“Then, two weeks into her stay in rehab, on another beautiful day, I went to see her so we could go for a walk. I knocked on the door:
“Hi, can you tell Angie her mother’s here?”
“Excuse me, let me go find the director.”
“Thanks, I’ll wait out here.”
Looking stricken, the director greeted me at the door. “Mrs. Romero? I’m sorry, but Angie isn’t here. She just packed her suitcase and left. We don’t know where she went.”
“What? You just let her leave? Why didn’t you call me?” I yelled.
“Mrs. Romero, her stay here was voluntary,” she answered. “She could leave any time she wanted. And we had no authorization to call you. She’s not a minor. I’m sorry.”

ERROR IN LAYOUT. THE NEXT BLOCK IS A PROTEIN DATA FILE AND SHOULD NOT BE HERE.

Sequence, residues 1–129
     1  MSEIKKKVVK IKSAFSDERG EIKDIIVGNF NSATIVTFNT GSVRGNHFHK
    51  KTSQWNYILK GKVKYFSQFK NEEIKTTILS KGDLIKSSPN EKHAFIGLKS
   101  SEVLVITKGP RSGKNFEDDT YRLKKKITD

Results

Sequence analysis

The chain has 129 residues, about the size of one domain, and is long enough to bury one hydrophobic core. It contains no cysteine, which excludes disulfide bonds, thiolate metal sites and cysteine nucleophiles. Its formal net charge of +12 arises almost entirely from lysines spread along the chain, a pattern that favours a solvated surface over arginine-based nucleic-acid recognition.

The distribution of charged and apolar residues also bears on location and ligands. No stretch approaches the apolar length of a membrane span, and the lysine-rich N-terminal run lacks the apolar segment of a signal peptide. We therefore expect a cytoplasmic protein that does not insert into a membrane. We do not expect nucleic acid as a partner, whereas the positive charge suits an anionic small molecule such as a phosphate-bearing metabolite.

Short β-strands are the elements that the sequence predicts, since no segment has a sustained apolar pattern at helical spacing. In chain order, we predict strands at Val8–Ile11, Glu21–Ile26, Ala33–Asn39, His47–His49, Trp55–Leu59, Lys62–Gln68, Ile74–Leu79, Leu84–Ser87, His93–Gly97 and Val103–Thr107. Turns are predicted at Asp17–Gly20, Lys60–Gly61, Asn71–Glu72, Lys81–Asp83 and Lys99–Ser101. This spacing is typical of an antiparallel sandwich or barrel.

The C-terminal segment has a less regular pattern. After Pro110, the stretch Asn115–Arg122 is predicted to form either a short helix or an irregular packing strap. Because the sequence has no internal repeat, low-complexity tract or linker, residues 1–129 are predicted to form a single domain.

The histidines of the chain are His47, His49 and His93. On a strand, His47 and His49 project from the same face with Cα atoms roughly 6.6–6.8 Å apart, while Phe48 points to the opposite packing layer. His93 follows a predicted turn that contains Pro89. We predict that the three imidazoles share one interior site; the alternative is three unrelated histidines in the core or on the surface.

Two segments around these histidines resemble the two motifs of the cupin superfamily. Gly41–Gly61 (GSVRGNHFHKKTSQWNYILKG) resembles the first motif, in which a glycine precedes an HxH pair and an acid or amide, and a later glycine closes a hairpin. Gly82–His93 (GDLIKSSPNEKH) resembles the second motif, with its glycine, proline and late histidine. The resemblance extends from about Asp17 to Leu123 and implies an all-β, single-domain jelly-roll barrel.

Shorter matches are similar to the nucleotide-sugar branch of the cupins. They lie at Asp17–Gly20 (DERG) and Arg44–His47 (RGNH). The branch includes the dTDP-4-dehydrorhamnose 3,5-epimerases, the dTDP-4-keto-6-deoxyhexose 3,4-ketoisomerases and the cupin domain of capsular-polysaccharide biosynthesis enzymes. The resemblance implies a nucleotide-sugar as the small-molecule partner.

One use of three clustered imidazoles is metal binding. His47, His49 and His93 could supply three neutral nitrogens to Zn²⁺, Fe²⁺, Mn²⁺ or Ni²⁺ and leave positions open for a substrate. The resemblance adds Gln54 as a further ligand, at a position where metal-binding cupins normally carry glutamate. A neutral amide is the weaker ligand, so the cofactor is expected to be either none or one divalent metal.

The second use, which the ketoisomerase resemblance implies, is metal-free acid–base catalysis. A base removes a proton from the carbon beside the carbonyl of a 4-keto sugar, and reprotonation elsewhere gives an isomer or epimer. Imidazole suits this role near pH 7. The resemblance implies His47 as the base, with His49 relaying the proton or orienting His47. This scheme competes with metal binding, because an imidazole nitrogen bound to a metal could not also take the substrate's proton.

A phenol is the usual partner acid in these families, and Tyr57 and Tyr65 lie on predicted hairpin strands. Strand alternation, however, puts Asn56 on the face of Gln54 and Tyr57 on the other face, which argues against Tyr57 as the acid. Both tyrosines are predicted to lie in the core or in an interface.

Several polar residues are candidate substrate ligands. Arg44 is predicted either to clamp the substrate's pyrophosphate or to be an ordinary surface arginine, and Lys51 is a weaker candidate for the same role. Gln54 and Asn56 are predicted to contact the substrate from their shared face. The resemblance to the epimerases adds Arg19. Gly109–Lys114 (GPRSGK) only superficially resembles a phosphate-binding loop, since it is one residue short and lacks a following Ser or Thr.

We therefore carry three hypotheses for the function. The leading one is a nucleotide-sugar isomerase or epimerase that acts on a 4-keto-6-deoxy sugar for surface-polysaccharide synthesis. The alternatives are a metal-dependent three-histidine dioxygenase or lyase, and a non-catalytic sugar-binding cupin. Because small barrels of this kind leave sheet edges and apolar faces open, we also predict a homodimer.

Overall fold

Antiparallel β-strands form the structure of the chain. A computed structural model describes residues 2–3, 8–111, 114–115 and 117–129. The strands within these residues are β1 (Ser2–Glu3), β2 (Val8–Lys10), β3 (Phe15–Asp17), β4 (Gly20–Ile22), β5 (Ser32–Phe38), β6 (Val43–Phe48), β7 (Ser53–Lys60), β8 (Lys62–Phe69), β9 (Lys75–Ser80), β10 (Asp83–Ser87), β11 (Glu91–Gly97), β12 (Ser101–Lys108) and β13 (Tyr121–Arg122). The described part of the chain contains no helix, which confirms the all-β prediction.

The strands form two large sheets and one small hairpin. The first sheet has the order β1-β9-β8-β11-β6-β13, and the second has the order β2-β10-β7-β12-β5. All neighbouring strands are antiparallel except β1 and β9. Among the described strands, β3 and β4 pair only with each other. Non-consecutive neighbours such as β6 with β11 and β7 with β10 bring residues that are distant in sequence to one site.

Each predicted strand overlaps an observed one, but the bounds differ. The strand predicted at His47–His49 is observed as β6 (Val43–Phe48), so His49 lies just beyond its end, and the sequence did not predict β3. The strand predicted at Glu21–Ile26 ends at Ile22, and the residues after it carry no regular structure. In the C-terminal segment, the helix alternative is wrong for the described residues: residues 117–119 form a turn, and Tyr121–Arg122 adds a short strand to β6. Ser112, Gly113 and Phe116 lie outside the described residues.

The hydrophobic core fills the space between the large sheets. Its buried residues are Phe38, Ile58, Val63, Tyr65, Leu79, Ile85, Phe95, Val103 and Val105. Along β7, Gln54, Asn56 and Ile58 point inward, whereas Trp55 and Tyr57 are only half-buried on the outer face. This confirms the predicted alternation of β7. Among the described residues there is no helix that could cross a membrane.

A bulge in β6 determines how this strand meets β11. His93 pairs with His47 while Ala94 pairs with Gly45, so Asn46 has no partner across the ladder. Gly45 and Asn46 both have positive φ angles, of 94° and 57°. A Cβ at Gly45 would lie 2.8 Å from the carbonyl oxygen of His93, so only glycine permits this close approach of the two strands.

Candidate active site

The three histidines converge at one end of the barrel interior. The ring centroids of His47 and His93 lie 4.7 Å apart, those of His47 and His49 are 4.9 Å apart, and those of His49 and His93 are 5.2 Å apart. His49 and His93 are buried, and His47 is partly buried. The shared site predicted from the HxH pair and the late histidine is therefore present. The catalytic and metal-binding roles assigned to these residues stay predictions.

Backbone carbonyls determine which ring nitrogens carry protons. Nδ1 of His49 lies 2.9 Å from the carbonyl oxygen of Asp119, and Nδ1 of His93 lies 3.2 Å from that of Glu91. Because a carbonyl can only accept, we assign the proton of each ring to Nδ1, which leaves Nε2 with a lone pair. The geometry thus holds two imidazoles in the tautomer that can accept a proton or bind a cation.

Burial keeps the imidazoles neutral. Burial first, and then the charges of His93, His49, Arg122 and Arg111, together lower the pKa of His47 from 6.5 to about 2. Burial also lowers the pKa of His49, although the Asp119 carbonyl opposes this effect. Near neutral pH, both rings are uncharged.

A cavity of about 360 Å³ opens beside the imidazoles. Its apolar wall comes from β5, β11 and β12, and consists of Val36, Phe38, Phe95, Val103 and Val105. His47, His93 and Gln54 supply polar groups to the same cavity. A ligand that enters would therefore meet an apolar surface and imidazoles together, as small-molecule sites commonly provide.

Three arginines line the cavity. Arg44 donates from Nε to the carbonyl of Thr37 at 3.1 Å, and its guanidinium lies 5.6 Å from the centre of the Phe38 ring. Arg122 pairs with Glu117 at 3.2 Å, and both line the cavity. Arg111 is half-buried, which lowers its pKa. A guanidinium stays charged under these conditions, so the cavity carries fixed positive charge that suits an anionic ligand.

Numb with pain, worry and disappointment, I turned around and made it back to my car. Funny thing about getting kicked in the stomach multiple times. You stop feeling the pain of it. Numbness sets in and somehow, if you’re lucky, you get from Point A to Point B without any serious damage. So instead of feeling the pain of losing her yet again, I felt an incredible sense of relief. I told my friends in the Program that it felt like a weight had been lifted from my shoulders, that I was “finally off the hook.” If ever I was to accept that I was powerless over her and her addiction, it was now. I was free of her and the worry and the anxiety and even some of the guilt. I didn’t know whether she was dead or alive, but I felt free and unencumbered for the first time in months. Isn’t that strange?”